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Wide Skies Music Festival features fabulous talent

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The third annual Wide Skies music Festival outside of Southminster United Church and Casa was blessed with beautiful weatSteve Marriner blowing harp with Harry Manx at Wde Skies Music Festival, July 31. Photo by Richard Ameryher, great music and an attentive audience,Tuesday and Wednesday, July 30 and 31.

Organizer Mike Spencer always has a good ear for the music he brings to the Geomatic Attic. So he pr brought back some familiar faces.

Harry Manx at Wide Skies Muusic Festival, July 310. Photo by Richard Amery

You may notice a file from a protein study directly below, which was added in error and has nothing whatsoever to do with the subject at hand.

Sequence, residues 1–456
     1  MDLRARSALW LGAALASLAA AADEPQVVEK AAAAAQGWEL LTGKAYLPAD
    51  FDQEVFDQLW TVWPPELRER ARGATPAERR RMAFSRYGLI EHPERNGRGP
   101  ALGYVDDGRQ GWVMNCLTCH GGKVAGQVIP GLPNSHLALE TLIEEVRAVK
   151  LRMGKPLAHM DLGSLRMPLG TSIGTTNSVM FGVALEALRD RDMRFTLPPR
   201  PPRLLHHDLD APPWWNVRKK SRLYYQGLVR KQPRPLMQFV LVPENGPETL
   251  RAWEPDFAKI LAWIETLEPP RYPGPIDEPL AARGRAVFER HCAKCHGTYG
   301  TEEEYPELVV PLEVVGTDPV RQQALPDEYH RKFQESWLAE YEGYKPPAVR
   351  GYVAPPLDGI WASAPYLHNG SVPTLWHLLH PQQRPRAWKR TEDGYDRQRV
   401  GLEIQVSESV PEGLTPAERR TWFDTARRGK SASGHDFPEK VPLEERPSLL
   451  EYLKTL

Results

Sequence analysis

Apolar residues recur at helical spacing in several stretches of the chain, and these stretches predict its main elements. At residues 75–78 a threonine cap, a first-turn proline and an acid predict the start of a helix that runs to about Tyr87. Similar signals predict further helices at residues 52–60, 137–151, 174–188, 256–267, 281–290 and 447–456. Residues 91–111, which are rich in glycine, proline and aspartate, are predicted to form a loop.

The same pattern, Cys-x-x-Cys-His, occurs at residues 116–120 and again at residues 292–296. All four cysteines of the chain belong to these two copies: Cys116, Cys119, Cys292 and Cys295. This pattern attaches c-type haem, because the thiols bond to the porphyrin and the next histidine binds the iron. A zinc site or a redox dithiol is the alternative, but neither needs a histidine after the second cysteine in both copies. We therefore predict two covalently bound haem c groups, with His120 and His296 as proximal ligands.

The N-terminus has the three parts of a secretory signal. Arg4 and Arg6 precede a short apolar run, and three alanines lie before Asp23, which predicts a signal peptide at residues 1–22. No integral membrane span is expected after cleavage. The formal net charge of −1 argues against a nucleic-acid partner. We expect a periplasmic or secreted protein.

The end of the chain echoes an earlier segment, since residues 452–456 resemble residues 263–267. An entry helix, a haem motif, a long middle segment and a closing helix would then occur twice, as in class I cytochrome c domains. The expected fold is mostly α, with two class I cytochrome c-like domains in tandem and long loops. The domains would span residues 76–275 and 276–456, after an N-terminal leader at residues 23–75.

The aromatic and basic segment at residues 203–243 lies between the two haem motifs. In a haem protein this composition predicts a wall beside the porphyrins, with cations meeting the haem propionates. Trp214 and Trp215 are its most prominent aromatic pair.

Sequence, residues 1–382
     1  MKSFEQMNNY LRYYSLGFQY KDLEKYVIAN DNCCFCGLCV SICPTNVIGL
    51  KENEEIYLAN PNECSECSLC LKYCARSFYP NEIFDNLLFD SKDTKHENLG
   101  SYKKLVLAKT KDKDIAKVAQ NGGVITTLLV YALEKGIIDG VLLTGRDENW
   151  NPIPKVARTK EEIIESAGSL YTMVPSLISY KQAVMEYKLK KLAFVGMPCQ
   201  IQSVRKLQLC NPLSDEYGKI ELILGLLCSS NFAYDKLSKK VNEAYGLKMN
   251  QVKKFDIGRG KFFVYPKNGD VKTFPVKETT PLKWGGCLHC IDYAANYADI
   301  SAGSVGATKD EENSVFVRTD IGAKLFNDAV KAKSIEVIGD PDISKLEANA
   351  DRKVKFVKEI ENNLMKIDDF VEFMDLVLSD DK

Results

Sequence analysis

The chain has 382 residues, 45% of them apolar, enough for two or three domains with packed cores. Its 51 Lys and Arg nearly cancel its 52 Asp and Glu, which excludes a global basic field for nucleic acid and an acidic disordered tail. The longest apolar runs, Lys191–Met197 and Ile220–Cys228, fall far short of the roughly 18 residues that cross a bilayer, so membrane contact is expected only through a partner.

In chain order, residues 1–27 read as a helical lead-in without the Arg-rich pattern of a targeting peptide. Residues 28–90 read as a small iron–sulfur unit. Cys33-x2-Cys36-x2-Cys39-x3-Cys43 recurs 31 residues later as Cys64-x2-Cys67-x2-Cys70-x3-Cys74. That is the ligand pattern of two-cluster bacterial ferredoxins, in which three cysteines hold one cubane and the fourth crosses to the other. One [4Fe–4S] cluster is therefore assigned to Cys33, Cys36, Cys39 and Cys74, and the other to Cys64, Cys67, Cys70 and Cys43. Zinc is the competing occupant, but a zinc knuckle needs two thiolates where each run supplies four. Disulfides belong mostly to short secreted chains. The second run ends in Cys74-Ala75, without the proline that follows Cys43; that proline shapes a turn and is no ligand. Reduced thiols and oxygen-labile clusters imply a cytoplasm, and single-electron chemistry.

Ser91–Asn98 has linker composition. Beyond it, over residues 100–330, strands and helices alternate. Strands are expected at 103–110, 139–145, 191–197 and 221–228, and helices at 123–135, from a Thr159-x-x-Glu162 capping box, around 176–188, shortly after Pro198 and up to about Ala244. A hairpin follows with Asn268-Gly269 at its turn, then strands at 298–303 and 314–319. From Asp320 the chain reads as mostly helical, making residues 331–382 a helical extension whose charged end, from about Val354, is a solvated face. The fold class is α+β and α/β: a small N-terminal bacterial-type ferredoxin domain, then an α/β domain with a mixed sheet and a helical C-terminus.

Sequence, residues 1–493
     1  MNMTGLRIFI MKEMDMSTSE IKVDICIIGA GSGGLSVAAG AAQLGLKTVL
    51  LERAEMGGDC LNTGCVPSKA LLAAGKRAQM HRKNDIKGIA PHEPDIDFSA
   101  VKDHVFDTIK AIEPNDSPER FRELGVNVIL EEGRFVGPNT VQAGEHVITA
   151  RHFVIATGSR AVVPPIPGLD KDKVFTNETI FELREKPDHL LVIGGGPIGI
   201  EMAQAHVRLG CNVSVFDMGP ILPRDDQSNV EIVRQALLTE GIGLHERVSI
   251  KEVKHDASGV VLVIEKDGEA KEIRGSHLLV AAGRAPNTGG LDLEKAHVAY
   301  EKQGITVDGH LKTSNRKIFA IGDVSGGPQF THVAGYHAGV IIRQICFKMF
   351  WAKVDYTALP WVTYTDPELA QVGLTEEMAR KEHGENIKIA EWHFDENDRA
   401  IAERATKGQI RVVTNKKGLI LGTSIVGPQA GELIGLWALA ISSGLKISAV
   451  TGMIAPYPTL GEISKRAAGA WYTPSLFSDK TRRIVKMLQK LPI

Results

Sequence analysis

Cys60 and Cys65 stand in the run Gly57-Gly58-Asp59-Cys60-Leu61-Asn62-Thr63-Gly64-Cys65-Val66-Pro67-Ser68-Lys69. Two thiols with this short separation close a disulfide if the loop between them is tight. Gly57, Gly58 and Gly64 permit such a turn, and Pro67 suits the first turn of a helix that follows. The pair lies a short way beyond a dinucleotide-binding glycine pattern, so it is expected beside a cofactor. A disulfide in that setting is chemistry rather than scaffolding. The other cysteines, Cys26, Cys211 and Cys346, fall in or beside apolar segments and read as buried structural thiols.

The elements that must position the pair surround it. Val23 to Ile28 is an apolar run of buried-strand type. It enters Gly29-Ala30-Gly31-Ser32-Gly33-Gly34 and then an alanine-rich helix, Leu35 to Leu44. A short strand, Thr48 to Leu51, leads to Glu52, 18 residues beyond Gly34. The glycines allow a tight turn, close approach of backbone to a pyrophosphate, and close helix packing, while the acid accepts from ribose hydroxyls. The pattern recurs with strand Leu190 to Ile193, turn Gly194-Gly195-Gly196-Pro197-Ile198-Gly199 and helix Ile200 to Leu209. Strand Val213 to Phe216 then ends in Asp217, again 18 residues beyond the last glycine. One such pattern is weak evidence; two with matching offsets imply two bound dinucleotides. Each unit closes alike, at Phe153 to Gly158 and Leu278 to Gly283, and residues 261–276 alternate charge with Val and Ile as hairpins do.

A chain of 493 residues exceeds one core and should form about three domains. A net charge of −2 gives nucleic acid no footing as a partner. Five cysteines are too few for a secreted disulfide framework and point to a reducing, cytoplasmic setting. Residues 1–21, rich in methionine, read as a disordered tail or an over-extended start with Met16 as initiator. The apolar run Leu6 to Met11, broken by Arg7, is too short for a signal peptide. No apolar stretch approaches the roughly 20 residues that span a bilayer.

I seem to recall seeing west coast soul/ roots band Carmannah, but can’t place where.
 I arrived in the middle of their opening set outside Southminster Church, where the road was blocked off and two stages were set up, Tuesday, July 30.

 Carmannah played a really laid back set of roots music dripping with R and B and soul, that was stultifyingly beautiful, and marked by gorgeous multi-part vocal harmonies. Though they cut loose near the end  for a spirited fiddle powered jam.

 I missed Megan Brown and George Fowler’s opening set on the side/tweener stage.
 But local blues rock band the Steve Keenan Band dominated the two tweener sets, while the other musicians were setting up.

 The Steve Keenan band played an array of upbeat blues and country tinged originals, breaking out a few blues classics like BB King’s  “The Thrill is Gone” and other well known modern blues hits like Kenny Wayne Shepherd’s “Blue on Black.”

 It is always a treat when Danny Michel returns to Lethbridge. He easily held the crowd’s attention with just him, his guitar and a lot of stories.